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Margaret Cavendish and Thomas Hobbes on Freedom, Education, and Women

In Nancy J. Hirschmann & Joanne H. Wright (eds.), Feminist Interpretations of Thomas Hobbes. The Pennsylvania State University Press. pp. 149-168 (2012)

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  1. Women on Liberty in Early Modern England.Jacqueline Broad - 2014 - Philosophy Compass 9 (2):112-122.
    Our modern ideals about liberty were forged in the great political and philosophical debates of the 17th and 18th centuries, but we seldom hear about women's contributions to those debates. This paper examines the ideas of early modern English women – namely Margaret Cavendish, Mary Astell, Mary Overton, ‘Eugenia’, Sarah Chapone and the civil war women petitioners – with respect to the classic political concepts of negative, positive and republican liberty. The author suggests that these writers' woman-centred concerns provide a (...)
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  • Texts Less Travelled: The Case of Women Philosophers.Tove Pettersen - 2017 - In Isis Herrero Lópes, Johanna Akujarvi, Cecilia Alvstad & Synnøve Lindtner (eds.), Gender and Translation: Understanding Agents in Transnational Reception. York University: pp. 153-178.
    This chapter discusses several possible reasons why works by women philosophers have traveled significantly less than those written by men, although women’s contributions go back to the start of European history of philosophy. Differentiating between geographic, linguistic, historic and philosophical travels, Tove Pettersen claims that gender is particularly significant with regard to historical and philosophical traveling. As the case of women philosophers clearly demonstrate, gender hampers the circulation of certain texts and inhibit transhistorical exchange of knowledge and ideas. ****** Che (...)
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  • ‘Exploding’ Immaterial Substances: Margaret Cavendish’s Vitalist-Materialist Critique of Spirits.Emma Wilkins - 2016 - British Journal for the History of Philosophy 24 (5):858-877.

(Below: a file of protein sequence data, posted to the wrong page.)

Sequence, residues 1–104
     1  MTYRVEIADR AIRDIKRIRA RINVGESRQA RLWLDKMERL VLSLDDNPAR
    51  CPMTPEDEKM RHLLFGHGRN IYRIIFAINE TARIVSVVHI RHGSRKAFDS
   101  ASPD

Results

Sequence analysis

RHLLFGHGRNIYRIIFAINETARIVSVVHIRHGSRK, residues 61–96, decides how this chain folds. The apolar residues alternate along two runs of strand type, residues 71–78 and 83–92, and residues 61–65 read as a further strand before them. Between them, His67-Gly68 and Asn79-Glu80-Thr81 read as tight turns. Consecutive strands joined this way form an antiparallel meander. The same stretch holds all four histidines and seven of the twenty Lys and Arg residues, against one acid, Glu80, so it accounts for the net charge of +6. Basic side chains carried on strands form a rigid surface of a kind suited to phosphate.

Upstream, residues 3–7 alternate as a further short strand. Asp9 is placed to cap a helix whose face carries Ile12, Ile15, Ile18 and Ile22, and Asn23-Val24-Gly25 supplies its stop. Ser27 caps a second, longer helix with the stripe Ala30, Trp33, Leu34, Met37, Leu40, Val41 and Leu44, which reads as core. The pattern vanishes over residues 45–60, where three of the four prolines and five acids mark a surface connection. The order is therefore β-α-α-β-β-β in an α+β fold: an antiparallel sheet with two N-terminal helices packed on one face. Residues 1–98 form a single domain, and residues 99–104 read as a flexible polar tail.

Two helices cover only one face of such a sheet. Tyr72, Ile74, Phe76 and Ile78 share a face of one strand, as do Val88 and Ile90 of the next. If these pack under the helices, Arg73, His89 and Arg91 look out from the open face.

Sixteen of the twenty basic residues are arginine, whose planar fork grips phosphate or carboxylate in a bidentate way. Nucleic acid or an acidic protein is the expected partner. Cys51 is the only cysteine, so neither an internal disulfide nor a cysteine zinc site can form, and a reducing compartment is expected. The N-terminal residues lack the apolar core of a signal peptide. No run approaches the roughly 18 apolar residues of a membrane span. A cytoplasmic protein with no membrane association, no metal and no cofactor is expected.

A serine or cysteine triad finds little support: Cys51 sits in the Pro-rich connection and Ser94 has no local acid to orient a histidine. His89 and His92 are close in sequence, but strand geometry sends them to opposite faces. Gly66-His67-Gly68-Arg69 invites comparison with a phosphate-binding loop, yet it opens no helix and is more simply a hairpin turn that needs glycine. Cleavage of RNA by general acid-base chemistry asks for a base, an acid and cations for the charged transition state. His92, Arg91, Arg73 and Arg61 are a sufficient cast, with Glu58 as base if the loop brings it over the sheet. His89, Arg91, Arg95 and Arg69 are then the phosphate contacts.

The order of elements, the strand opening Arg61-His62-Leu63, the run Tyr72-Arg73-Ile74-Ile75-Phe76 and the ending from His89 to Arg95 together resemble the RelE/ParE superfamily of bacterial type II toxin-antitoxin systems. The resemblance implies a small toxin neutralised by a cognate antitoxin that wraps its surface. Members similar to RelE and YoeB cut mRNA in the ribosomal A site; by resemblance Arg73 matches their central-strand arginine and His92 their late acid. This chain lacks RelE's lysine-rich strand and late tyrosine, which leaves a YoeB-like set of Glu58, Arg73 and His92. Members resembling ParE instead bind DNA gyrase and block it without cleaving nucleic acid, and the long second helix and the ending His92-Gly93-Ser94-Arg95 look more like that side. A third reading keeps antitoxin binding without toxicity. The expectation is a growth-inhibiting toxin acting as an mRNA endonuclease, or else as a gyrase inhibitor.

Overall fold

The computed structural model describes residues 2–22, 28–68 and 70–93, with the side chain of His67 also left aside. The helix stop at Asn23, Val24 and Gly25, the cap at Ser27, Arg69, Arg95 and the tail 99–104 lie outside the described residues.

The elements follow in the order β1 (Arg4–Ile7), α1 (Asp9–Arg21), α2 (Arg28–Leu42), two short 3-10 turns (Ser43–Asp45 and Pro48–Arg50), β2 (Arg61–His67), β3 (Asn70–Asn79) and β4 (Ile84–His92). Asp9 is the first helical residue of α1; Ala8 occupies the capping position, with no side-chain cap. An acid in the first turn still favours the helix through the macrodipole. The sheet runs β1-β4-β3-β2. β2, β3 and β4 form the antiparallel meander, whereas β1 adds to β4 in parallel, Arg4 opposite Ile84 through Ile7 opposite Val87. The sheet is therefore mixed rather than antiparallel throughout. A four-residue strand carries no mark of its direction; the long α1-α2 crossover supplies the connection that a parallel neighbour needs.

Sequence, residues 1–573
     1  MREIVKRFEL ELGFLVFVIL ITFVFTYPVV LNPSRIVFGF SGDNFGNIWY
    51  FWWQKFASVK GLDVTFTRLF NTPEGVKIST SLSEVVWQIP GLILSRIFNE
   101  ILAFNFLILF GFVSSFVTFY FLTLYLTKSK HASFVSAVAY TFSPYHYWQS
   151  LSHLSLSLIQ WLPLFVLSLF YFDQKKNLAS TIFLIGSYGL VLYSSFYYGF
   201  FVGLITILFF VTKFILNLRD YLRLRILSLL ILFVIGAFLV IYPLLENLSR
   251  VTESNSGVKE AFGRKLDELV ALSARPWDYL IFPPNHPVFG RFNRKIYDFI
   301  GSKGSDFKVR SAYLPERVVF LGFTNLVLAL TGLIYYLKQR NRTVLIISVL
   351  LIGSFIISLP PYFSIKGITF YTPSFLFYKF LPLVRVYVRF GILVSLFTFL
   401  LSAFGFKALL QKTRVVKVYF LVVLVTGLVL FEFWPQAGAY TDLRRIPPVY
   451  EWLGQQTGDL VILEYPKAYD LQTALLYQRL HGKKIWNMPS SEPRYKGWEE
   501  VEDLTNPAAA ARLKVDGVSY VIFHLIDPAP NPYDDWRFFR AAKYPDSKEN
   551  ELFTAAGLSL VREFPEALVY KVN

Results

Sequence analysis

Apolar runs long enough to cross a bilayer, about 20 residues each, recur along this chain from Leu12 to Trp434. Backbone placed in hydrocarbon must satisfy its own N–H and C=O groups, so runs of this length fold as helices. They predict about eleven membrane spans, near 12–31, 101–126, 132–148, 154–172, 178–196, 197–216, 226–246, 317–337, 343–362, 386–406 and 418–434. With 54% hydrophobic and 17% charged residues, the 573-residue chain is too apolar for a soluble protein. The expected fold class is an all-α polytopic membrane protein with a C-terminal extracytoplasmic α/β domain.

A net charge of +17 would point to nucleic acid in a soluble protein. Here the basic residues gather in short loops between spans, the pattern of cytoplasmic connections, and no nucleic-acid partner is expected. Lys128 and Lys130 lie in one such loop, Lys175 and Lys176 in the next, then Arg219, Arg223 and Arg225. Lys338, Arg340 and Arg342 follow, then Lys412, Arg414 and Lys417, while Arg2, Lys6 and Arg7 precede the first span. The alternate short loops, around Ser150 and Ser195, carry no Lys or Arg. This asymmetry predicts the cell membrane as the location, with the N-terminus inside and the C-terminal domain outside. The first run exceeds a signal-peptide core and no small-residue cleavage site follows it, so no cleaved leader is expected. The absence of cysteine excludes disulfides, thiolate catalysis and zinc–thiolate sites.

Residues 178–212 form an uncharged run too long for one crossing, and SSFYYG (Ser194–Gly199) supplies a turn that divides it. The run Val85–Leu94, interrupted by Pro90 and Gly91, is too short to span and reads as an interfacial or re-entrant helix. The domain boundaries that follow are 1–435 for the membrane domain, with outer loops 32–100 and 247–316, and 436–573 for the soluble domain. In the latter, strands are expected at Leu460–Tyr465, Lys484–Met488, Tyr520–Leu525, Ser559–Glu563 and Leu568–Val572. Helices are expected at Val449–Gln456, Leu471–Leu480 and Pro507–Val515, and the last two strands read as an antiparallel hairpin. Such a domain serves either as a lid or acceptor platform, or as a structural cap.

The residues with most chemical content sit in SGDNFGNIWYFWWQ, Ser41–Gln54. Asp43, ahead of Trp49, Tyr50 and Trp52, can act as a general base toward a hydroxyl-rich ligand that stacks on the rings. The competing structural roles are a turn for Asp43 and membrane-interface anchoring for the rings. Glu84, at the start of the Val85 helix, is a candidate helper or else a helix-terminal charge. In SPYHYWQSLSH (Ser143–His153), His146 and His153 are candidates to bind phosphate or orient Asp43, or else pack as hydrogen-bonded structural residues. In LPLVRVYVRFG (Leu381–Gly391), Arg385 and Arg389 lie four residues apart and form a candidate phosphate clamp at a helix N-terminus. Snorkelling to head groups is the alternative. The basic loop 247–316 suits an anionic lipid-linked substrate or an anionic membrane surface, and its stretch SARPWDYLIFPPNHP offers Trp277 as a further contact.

ABSTRACTIn this paper, I explore Margaret Cavendish’s engagement with mid-seventeenth-century debates on spirits and spiritual activity in the world, especially the problems of incorporeal substance and magnetism. I argue that between 1664 and 1668, Cavendish developed an increasingly robust form of materialism in response to the deficiencies which she identified in alternative philosophical systems – principally mechanical philosophy and vitalism. This was an intriguing direction of travel, given the intensification in attacks on the supposedly atheistic materialism of Hobbes. While some (...)
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  • Lucretia and the Impossibility of Female Republicanism in Margaret Cavendish's Sociable Letters.Sandrine Bergès - 2018 - Hypatia 33 (4):663-680.
    Margaret Cavendish is known for her personal allegiance to monarchy in England. This is reflected in her writings; as Hobbes did, she tended to criticize severely any attempt at rebellion and did not think England could become a republic. Yet it seems that Cavendish did have sympathy with some republican values, in particular, as Lisa Walters has argued, with the republican concept of freedom as nondomination. How can we explain this apparent inconsistency? I believe that the answer lies in a (...)
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  • “The Minde is Matter Moved”: Nehemiah Grew on Margaret Cavendish.Justin Begley - 2017 - Intellectual History Review 27 (4):493-514.
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